When I first introduced the ball to ZZ (aka Little Girl) I could see problems coming to the surface immediately. She would block the ball from me and angle her hindquarters toward me, setting up for a defensive kick at me (one of her favorite hit and run tactics).
Today, when I brought the ball out to the pasture, she was very excited and immediately started targeting the ball. However, within 10 minutes, she tried to bite me TWICE!! and once angled her hindquarters to me, I dodged to the left and she hit air. Talk about competitive!
ZZ: “MY BALL!!! No one touches… No one looks! I’ll kill you if touch MY BALL!!”
With my philosophy that this game is going to teach her that playing together is cooperative, not competitive, I abandoned the ball and walked away to the second pasture. She followed because of course she still wanted to play. Once she got into the second pasture, I closed the adjoining gate, and walked back to where Pony was in the first pasture.
I immediately thought of how children are socialized by learning that hitting and biting doesn’t work with your playmates! They simply stop playing with you! Got out the ball and started playing with Pandora where ZZ could see EVERY MOMENT OF IT…
Oh boy was she Royally Pissed Off! She took off galloping, bucking and striking and then running up to the fence to STARE —- AT —- PONY WITH A LOOK THAT COULD HAVE KILLED ….
Meanwhile, Pandora and I ignored her. I rolled, tossed, and kicked the ball – once Pony even did a Rugby move and hit the ball mid-air with her nose. And we clicked and treated, and played ball all the way around that pasture probably for half an hour while Little Girl WATCHED and FUMED – I think if you had gotten close you could have seen steam coming out of her ears! As it was, hubby heard her angry snorts all the way across the field to where he was working on new fencing. LOL!
The more angry ZZ got about being left out of the game the more funny I thought it was… which I’m not sure what that says about me…. 🙂
This is what I think: the ball has become like the food. MINE. Like Carolyn Resnick asks: does the horse perceive they are TAKING the food from you, or that you are GIFTING the food to them? In Little Girl’s case she felt she was TAKING the ball from me and defending it as her rightful possession. I needed to turn that around where she saw that I was gifting it to her and that there are rules, MY RULES.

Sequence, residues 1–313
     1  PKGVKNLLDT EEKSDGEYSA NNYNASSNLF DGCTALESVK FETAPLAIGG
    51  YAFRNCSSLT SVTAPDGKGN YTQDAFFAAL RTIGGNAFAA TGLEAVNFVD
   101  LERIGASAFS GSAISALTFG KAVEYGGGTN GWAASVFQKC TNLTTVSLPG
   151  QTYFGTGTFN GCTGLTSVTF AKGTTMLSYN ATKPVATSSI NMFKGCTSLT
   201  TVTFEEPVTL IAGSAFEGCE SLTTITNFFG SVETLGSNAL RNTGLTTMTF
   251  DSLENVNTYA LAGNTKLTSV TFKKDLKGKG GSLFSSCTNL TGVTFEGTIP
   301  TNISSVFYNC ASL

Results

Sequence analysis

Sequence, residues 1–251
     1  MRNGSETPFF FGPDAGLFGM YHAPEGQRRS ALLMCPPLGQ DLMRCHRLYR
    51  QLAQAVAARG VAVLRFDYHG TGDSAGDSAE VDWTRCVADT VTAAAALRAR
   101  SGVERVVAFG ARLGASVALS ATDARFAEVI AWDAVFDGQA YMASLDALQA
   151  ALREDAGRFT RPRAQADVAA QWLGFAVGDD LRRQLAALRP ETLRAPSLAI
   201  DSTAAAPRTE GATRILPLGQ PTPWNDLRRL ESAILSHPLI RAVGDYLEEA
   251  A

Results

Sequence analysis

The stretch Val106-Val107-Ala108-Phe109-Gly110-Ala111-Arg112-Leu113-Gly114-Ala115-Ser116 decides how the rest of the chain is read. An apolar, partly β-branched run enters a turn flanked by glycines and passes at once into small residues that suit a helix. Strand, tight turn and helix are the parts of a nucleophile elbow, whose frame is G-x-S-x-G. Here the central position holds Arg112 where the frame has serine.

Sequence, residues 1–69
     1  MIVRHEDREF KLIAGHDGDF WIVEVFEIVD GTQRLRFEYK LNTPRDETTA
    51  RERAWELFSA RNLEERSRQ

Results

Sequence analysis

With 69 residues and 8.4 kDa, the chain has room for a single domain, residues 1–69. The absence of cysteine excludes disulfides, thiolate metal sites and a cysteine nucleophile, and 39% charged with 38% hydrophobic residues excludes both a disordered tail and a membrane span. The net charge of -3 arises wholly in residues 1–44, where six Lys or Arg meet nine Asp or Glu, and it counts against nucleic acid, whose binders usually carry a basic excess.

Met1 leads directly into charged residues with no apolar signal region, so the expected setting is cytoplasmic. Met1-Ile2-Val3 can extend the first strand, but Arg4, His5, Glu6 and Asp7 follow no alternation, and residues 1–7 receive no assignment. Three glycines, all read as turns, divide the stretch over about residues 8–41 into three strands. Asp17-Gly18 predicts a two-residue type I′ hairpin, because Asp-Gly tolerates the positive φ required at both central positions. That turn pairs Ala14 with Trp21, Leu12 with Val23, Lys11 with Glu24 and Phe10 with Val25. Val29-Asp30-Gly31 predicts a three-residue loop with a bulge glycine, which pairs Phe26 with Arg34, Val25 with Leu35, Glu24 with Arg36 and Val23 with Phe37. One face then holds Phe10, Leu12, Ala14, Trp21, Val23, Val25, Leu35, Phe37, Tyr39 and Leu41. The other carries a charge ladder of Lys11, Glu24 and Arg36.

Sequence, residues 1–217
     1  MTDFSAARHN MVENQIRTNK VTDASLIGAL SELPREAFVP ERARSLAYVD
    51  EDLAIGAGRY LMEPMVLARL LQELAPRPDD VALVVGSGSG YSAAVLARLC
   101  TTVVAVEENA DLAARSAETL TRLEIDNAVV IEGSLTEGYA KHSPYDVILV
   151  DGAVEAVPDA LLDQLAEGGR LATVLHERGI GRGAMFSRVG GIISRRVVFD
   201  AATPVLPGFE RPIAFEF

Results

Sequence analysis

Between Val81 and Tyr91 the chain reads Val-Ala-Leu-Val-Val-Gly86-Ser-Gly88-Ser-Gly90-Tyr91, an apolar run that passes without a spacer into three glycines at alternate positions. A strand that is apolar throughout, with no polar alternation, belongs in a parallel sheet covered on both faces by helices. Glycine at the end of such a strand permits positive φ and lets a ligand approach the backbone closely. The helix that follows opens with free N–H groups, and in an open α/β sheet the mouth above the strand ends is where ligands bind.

I went into the pasture and ignored Little Girl, messing with the ball. In a few moments she approached, her ears forward, interested. This was good as I wanted her to invite herself into the game.
I gave her the signal to stop away from me about 10 feet. Clicked – had her walk to me a few steps to receive her Treat. Invited her to the ball with an outstretched hand, walking backwards. When she targeted the ball, CT. I did this several times to build back her interest in the ball and the game.
I rolled the ball forward and we walked together to the ball. CT. As long as she stayed parallel to me, with ears forward, approaching the ball, I CT.
I started asking her to halt (upraised hand, tall body carriage) and wait for my invitation to approach the ball (outstretched hand, backward step). Sometimes I asked her to back away from the ball and then a CT.
Then I kicked the ball a bit further away and this is when she got in trouble. Getting in front of me she would angle her hindquarters to me so she could prepare for a strike if I took HER BALL… sorry, girlfriend, this is MY GAME, MY RULES, so I swished the lungewhip and took her off the ball and she received no CT.
We worked about 15 minutes and it was slower, not as much chasing but I wanted to keep it more deliberate. She quickly learned that if she followed me to the ball, kept the ball between us or if she walked parallel that was allowed. If she passed me and put herself in a position where she could strike me she got chased off the ball.
Now it will be interesting to see how well this session holds in her brain when the excitement builds up again. Hmmmm
Post-Thoughts: Z is an aggressive horse. Games that involved herding or ownership, like the Tiger game or working with the Ball brings out her aggression. Please be careful when working at liberty with a dominant horse and make sure there is plenty of room for the horse or you to safely leave the game.